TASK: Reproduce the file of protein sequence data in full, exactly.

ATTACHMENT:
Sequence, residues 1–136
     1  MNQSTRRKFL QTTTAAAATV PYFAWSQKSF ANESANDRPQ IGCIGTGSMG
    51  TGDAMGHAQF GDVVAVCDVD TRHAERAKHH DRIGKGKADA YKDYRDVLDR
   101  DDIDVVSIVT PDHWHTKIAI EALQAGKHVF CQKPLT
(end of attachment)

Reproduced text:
Sequence, residues 1–136
     1  MNQSTRRKFL QTTTAAAATV PYFAWSQKSF ANESANDRPQ IGCIGTGSMG
    51  TGDAMGHAQF GDVVAVCDVD TRHAERAKHH DRIGKGKADA YKDYRDVLDR
   101  DDIDVVSIVT PDHWHTKIAI EALQAGKHVF CQKPLT